Girl Band (New band of the day No 1,673)

Irish boy band making a racket bearing the influence of krautrock and goth - but not grunge

Hometown: Dublin.

The lineup: Dara Kiely (vocals, guitar), Alan Duggan (guitar), Daniel Fox (bass), Adam Faulkner (drums).

The background: Girl Band are the latest in a long line of "Girl" bands that includes such notables as Girls, Shy Girls, September Girls and Girl Unit - and that's not even mentioning the "Women" ones such as Women, Woman E and Woman's Hour. Usually when an indie band adopts the female sex (is there an indie band called Female Sex? There ought to be) as part of their moniker there is an element of snarkiness going on, and so it is with Girl Band. They took their name after meeting "an annoying girl" in a bar one night. Apparently, she liked the Wombats. "She was such an awful woman," said the guitarist afterwards. Lucky she didn't express a predilection for Nigel Farage or someone. Or U2.

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So anyway, Girl Band are prone to overreacting. But as you can probably tell from the photo, Girl Band are not a girl band. That picture doesn't tell you much, actually. Or at least, it does telegraph quite strongly that they are a bog-standard indie band, but they are rather better than that. One of the other things that infuriates them apart from meeting Wombats fans in pubs is being compared to grunge or grunge-era bands from Nirvana to Jesus Lizard when really they'd prefer to be referred to in the same breath as Dean Martin, the Modern Lovers, the Fall, James Chance and the Contortions, the Beatles and Daft Punk. Well, we'd like to be cited as the logical heirs to Paul Morley, Nick Kent, Julie Burchill, Lester Bangs, Richard Meltzer and Paul Williams, but what can you do? The fact is, they don't sound much like Dino crooning with everyone's favourite Gallic retro robots. But! The grunge thing is selling them short. There are other influences at work here.

Lawman, for example, which we believe is their next release, is based on an amplified chug and has some of the feral appeal, the animal magic, if you will, of Pixies, with some strange guitar effects in snarling distance of Kevin Shields. Their cover of Yorkshire exponent of "terror techno" Blawan's Why They Hide Their Bodies Under My Garage features distortion and noise like a Hoover crying. It is mechanistic and rhythmical-industrial, not grunge at all, eight minutes of pure panic. Their France 98 EP is worth tracking down, not least because it is, according to their Bandcamp, "hand stamped, numbered and wrapped in string". There are only 300 copies, so good luck with that. In case you can't find it, we can tell you that You're A Dog is like the Kinks' You Really Got Me remixed by MBV: it's almost krautrock, or at least krautgrunge. Busy At Maths has a lurching Nirvana-ish structure. That Snake Conor Cusack is mystifyingly titled, if indeed the eponymous character is the Irish hurler who has battled with crippling depression. The title track is 1'17" of yelping and frantic fuss. Second One is dance music in the sense that the Feelies, Wire and Talking Heads were danceable. The song features one chord, with assorted vocal extemporisation/ poeticisation on top. Handswaps opens with echoey, plangent effects ahead of a bass rumble and slow stately drums. This is postpunk, but not the white funk or death disco variety, more the drained, pallid, grey postpunk of the goth contingent. But grunge? Nah.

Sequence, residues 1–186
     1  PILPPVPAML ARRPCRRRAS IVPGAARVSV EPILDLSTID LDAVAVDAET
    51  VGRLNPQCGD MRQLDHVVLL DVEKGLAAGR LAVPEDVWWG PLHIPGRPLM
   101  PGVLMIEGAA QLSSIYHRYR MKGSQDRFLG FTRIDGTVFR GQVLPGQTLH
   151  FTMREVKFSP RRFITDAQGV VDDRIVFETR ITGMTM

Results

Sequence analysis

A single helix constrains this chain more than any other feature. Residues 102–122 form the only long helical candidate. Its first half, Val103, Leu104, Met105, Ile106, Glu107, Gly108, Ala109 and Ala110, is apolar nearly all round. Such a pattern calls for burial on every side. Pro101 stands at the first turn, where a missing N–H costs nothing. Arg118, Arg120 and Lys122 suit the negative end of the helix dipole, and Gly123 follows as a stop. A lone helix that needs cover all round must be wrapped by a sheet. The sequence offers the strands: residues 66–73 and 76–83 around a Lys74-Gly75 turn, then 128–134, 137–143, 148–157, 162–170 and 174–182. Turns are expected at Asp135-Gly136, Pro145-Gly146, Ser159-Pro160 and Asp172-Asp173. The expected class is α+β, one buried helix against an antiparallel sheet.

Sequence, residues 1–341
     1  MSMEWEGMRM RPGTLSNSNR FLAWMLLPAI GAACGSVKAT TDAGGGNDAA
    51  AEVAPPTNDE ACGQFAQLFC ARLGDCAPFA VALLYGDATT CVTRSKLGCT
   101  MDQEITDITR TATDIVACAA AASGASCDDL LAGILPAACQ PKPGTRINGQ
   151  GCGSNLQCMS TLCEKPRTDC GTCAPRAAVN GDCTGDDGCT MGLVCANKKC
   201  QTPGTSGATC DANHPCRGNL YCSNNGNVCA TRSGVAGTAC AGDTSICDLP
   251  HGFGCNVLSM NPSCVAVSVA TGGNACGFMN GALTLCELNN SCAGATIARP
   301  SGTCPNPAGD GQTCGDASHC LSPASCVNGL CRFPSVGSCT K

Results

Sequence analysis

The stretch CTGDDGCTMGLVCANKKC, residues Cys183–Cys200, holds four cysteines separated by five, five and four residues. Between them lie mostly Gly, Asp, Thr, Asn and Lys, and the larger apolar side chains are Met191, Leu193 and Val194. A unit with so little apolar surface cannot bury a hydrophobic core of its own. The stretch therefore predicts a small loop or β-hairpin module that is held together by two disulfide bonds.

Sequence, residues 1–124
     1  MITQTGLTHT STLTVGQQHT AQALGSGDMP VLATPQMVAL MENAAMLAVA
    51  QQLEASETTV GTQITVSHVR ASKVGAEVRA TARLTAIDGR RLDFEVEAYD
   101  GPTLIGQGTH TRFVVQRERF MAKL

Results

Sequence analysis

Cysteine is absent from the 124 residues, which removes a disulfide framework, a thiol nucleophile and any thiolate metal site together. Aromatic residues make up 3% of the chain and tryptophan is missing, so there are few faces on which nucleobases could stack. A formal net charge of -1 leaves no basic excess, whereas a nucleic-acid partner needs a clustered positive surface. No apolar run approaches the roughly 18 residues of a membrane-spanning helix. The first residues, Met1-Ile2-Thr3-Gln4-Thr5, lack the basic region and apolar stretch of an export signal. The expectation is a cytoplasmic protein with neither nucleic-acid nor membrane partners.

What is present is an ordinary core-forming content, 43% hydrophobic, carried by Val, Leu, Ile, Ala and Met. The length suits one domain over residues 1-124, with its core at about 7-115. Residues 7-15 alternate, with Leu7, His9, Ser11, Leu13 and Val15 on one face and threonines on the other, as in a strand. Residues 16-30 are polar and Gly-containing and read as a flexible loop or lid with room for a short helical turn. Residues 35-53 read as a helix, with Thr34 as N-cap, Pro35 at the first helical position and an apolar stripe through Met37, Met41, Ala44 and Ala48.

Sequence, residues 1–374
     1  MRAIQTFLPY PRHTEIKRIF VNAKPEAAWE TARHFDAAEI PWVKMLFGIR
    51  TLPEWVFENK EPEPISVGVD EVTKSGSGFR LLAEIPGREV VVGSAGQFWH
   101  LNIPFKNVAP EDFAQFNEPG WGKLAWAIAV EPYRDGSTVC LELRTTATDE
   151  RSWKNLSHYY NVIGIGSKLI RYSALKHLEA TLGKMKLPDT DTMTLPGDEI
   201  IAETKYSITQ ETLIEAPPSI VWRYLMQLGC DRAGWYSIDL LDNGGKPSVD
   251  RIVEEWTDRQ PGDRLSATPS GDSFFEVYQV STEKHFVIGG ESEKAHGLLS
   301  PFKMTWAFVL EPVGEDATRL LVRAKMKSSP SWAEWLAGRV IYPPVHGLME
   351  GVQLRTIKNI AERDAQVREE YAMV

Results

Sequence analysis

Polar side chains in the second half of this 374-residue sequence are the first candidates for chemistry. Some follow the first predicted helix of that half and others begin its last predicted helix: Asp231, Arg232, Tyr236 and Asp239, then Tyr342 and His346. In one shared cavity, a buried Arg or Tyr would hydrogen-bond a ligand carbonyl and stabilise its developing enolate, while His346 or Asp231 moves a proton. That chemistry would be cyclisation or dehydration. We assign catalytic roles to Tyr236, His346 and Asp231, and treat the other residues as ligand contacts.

The buzz: "Noise-pop genius" - Drowned In Sound.

The truth: But they're still more Jesus Lizard than Little Mix.
Most likely to: Get slapped by a Wombat.

Least likely to: Win Brazil 2014.

What to buy: You can stream their debut EP France 98 in full here.

File next to: Modern Lovers, Pixies, Nirvana, Cure.


Thursday's new band: Anushka.


Paul Lester

The GuardianTramp

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